Young Pioneer Tours

Visiting Banaue Rice Terraces

Known as one of the wonders of the world and on most “must see” lists we recently added the Banaue Rice Terraces to our Extreme Philippines Tour. Was it worth it though and are they really a wonder of the world?

We can only speak for ourselves and our group on this one, but the general consensus was yes, and yes, even if the hike was little more than we were expecting.

What the Banaue Rice Terraces?

Rice terraces are a form of rice farming where terraces are used to make the most of irrigation and indeed land. They can be seen throughout the Philippines, even from when we travel through Sagada. They are also common throughout Asia.

What though is it that makes the Banaue Rice Terraces so unique though is the sheer scale of them and indeed their age. It is estimated by most that they are at least 2000 years old, slightly younger than Jesus. There are though some historians who say that the terraces are much younger. Regardless rice has been harvested in the Philippines since at least 3500 BC (Before Christ) – or BCE if you do not respect the Catholic culture of the Philippines – BURN.

Lengh wise there are lots of cool statistics too, such as they can stretch to the moon and stuff if side by side, but I will not delve too much into this.

Alas they are not a UNESCO, with that being reserved for the Philippines Cordilleras, which we might have to include one day.

The Philippines do though consider them a national treasure and they have been on the 20 PHP note, and are slated to be included on the 1000 Peso note.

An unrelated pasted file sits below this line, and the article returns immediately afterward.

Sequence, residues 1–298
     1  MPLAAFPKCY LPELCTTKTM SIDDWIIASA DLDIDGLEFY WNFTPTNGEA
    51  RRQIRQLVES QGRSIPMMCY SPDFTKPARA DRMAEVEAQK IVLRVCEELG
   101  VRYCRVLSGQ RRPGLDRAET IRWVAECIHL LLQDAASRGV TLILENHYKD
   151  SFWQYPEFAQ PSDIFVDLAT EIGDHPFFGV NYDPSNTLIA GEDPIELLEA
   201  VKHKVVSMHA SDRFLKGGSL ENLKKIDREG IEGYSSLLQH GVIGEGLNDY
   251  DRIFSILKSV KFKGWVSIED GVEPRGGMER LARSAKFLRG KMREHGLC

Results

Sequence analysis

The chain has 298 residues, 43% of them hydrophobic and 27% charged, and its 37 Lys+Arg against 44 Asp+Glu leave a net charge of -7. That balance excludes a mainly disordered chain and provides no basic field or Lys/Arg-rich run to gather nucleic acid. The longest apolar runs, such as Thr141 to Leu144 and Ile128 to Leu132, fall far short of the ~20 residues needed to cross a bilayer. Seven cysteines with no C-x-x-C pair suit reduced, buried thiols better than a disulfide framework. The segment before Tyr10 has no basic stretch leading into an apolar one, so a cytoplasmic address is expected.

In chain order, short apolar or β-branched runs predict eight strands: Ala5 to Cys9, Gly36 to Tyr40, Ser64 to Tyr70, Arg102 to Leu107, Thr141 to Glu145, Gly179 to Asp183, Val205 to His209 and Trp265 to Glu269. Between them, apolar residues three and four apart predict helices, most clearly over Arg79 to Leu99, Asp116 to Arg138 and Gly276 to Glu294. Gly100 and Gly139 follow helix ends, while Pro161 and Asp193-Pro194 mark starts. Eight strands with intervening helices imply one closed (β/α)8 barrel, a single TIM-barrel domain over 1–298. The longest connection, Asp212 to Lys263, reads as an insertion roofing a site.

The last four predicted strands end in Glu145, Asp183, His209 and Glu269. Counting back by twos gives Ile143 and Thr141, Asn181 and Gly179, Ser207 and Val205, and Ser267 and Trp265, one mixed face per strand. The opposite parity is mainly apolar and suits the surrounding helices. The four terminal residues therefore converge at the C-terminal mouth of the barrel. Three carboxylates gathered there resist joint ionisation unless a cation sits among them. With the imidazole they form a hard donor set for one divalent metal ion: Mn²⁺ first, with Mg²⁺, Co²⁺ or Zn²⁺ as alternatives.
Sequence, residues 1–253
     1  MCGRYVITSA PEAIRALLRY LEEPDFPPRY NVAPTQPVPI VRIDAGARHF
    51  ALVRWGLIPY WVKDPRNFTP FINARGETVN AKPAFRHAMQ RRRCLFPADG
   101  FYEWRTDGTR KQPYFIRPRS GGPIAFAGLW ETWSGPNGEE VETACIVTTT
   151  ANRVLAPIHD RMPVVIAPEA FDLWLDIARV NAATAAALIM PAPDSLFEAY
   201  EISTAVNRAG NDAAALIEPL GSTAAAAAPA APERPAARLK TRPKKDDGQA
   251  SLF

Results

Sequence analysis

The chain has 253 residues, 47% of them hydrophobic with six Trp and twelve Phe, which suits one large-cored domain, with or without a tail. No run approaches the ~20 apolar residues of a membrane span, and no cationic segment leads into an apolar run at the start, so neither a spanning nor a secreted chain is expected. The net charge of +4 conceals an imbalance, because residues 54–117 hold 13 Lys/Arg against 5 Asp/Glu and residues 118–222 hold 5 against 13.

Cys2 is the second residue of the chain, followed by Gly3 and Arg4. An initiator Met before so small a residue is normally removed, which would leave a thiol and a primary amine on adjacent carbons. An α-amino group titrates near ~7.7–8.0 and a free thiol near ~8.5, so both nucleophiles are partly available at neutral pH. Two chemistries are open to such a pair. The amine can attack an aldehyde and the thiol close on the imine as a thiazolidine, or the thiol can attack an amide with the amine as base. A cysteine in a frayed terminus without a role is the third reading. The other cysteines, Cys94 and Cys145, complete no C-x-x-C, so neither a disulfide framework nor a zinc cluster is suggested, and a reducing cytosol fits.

Aside from Banaue there is the Batad Rice Terraces, Mayoyao Rice Terraces, Hapao Rice Terraces, and Kiangan Rice Terraces. We spoke to the locals at one sight and amazingly they declared that while they produce lots of different types of rice, very little of it is sold and for the most part it is for local consumption.

Tourism at the Banaue Rice Terraces

While tourism is no doubt important here, the sheer difficulty in getting here means that far less people come than you would expect. This is of course good and bad, with it meaning it is still off the beaten track, but that the locals perhaps do not gain as much from it as they would like.

We though do make the pilgrimage here, with us also including Sagada, as well as the Hanging Coffins as part of this epic trip.

We currently stay at the Banaue Viewpoint Hotel, which as you might imagine has amazing views of this wonder of the world.

For those who do decide to travel here independently its worth noting that they are also close to Whang Od and her famous tattoos (of which I have one).

And Banaue Town

I once stayed at Banaue Town when I got my Wang Od Tattoo, and I have to say there was really not that much going on, although more in fairness than Sagada.

They do though have lots of hotels, mostly cheap as well as restaurants that make a change from just standard hotel grub. But if you are going to travel this far then it is all about the room with a view, so you should stay somewhere with a viewpoint of the rice terraces.

You can visit the Banaue Rice Terraces with me as part of our Extreme Philippines Tour with YPT – right before we head south and into the lips of Vagina Falls – Pun well and truly intended.

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